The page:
In the second part of our Kaby Lake NUC review we install Windows 10 on the Kaby Lake Core i3 NUC (NUC7i3BNH) and run some popular benchmarks on it to get an idea how does it perform compared to the previous generation NUCs. Especially, we’ll be comparing the performance to last year’s Skylake i3 NUC (See our NUC6i3SYH review from last year for the full benchmark results of that model). If you came here via a search engine, I’d suggest you take a look at the first part of the review first.
Windows 10 Installation
So, I booted up the Windows 10 installer from a USB stick that I had created earlier. I used Windows 10 Anniversary Update (v. 1616) and the installation itself was uneventful and as expected. The Ethernet adapter was fully supported out of the box and when the installation finished, but I had to download the WiFi driver from Intel’s download center. Windows update automatically downloaded drivers for the rest of the components, but the versions were a little bit behind the latest ones from download center.
Do note that Intel does not provide drivers for Windows 7 any more. It’s Windows 10 or no Windows now…
Intel HD Graphics driver for Kaby Lake version 4541 was used for all of the following tests and screen resolution was set to 1920×1080. All the benchmarking below was done using Windows 10. The NUC was equipped with two Kingston HX421S13IB/4 memory modules (8GB total, dual-channel active). BIOS version 0036 was installed in the NUC.
3DMark is a popular benchmarking suite that benchmarks video and gaming performance of the computer. See below for the results and a comparison to the previous generation NUCs and the Apollo Lake NUC:
In Cloud Gate test the result is 6.7% better than what Skylake i3 NUC achieved last year.
Improvement of 5.3% in the Sky Diver test is not that much…
Finally we see a 9.0% increase when running the Fire Strike test.
Cinebench runs 3 separate benchmarks and gives us figures that are comparable. First a simple 3D car chase that measures mainly the GPU (OpenGL) performance. The result is in frames per second. Second there’s a rendering of 3D model with all cores. This stresses purely the CPU. Finally there’s another rendering of the same model, this time using just a single CPU core.
The OpenGL test gives us a reading of 46.02 frames per second. That’s 12.9% better than NUC6i3SYH but still clearly less than the result of Skylake i5 NUC.
Difference between Skylake and Kaby Lake is neglible in multi-core test and we see an increase of 8.5% in the single core test.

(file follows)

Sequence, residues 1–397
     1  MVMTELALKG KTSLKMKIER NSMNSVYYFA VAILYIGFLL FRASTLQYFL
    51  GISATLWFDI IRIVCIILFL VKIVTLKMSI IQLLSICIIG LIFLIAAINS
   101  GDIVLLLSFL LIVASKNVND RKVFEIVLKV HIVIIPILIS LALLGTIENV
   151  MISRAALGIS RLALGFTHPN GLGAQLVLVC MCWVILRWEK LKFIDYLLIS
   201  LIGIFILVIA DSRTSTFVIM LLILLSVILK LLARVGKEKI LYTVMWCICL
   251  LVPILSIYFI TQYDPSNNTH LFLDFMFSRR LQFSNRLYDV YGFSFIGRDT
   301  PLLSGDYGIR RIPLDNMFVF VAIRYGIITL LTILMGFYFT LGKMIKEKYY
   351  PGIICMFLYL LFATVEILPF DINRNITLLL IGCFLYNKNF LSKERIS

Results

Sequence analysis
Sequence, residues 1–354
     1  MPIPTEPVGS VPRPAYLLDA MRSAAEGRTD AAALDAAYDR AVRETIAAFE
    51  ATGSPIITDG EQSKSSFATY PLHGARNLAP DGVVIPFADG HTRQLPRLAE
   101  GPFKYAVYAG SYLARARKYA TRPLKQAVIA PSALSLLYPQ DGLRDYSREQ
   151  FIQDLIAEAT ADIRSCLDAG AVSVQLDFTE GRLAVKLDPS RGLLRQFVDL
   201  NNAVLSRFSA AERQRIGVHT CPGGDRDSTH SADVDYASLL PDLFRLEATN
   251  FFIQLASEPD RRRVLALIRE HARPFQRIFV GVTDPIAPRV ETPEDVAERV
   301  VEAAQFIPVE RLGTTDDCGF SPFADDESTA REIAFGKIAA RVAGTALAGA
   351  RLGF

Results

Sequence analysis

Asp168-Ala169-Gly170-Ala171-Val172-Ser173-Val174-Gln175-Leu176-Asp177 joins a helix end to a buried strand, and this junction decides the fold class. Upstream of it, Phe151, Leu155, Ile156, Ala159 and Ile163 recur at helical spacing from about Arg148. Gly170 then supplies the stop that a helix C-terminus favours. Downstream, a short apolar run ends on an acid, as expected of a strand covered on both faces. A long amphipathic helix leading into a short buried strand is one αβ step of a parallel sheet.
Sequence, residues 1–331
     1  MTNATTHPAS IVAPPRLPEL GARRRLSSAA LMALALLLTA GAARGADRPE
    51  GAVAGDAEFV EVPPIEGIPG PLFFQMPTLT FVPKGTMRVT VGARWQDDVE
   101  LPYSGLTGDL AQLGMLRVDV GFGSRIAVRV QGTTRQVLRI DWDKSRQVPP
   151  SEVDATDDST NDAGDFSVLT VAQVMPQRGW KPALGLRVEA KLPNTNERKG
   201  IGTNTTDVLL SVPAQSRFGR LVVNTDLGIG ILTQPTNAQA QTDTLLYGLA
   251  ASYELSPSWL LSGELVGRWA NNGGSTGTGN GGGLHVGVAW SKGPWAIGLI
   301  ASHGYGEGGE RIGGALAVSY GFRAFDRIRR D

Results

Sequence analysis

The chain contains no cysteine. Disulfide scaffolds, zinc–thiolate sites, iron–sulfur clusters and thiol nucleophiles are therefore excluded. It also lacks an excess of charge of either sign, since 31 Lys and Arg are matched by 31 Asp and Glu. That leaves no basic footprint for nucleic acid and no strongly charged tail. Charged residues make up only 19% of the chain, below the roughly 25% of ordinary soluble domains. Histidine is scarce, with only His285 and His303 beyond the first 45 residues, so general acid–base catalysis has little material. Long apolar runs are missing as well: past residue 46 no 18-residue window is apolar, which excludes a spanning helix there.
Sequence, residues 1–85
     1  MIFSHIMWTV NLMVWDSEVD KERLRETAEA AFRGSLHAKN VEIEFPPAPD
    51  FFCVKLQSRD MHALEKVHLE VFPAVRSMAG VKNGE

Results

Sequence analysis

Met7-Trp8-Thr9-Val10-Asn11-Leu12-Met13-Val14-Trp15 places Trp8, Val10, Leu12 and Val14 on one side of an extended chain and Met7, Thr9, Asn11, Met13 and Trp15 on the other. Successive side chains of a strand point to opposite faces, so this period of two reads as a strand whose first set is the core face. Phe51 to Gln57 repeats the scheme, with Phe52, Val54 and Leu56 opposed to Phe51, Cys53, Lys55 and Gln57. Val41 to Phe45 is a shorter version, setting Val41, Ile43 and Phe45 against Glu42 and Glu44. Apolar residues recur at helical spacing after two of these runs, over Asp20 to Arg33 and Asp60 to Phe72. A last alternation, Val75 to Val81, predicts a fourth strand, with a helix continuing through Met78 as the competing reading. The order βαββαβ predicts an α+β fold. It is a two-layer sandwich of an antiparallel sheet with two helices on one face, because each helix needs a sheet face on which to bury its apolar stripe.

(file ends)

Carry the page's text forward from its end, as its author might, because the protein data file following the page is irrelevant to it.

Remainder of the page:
Below you can find the 64-bit Geekbench 3 score for NUC7i3BNH. 5833 for multi-core and 2826 for single-core tests. More detailed results are available on Geekbench site here.
Passmark CPU Test
In the Passmark CPU test I got a result of 4119. The only other NUC I’ve tested with Passmark was the Apollo Lake NUC6CAYH that got a result of 2285, so this Kaby Lake i3 is significantly faster than the Pentium J3455-powered budget NUC.
Benchmarking the system usually stresses the CPU and the GPU to a limit and this in turn increases the heat put out by the components. Thus it is a good moment to reflect on the noise levels the NUC reaches. I did not modify the default settings in the BIOS.
I’m happy to report that noise levels were very low throughout the testing. The fan does spin up a little bit during stress testing, but still remains very quiet for most of the time. For me this NUC is almost as good as silent. However, keep in mind that these are very subjective things and you might tolerate more or less noise than I do. As a new feature, the Kaby Lake NUC has a feature to stop the fan completely whenever the CPU temperature is under a threshold that you can configure in the BIOS.
The performance in Windows 10 was good throughout the testing, gaming excluded. It will run some of the less demanding games as long as you’re willing to keep the resolution and details low enough. It would be ideal desktop PC for normal web browsing, office applications, etc. This is of course not so surprising, as the same CPU is included in several popular laptops as well, such as Acer Aspire E or Lenovo IdeaPad 110.
However, performance gains over the previous generation were rather low, almost disappointingly low. If you are currently using a Skylake NUC the small increase in performance certainly would not be a reason to upgrade. Basically most of the performance gain seen here is due to the 4.3% increase in CPU clock from 2.3GHz to 2.4GHz.
The HTPC use case will be covered in the next part of this article.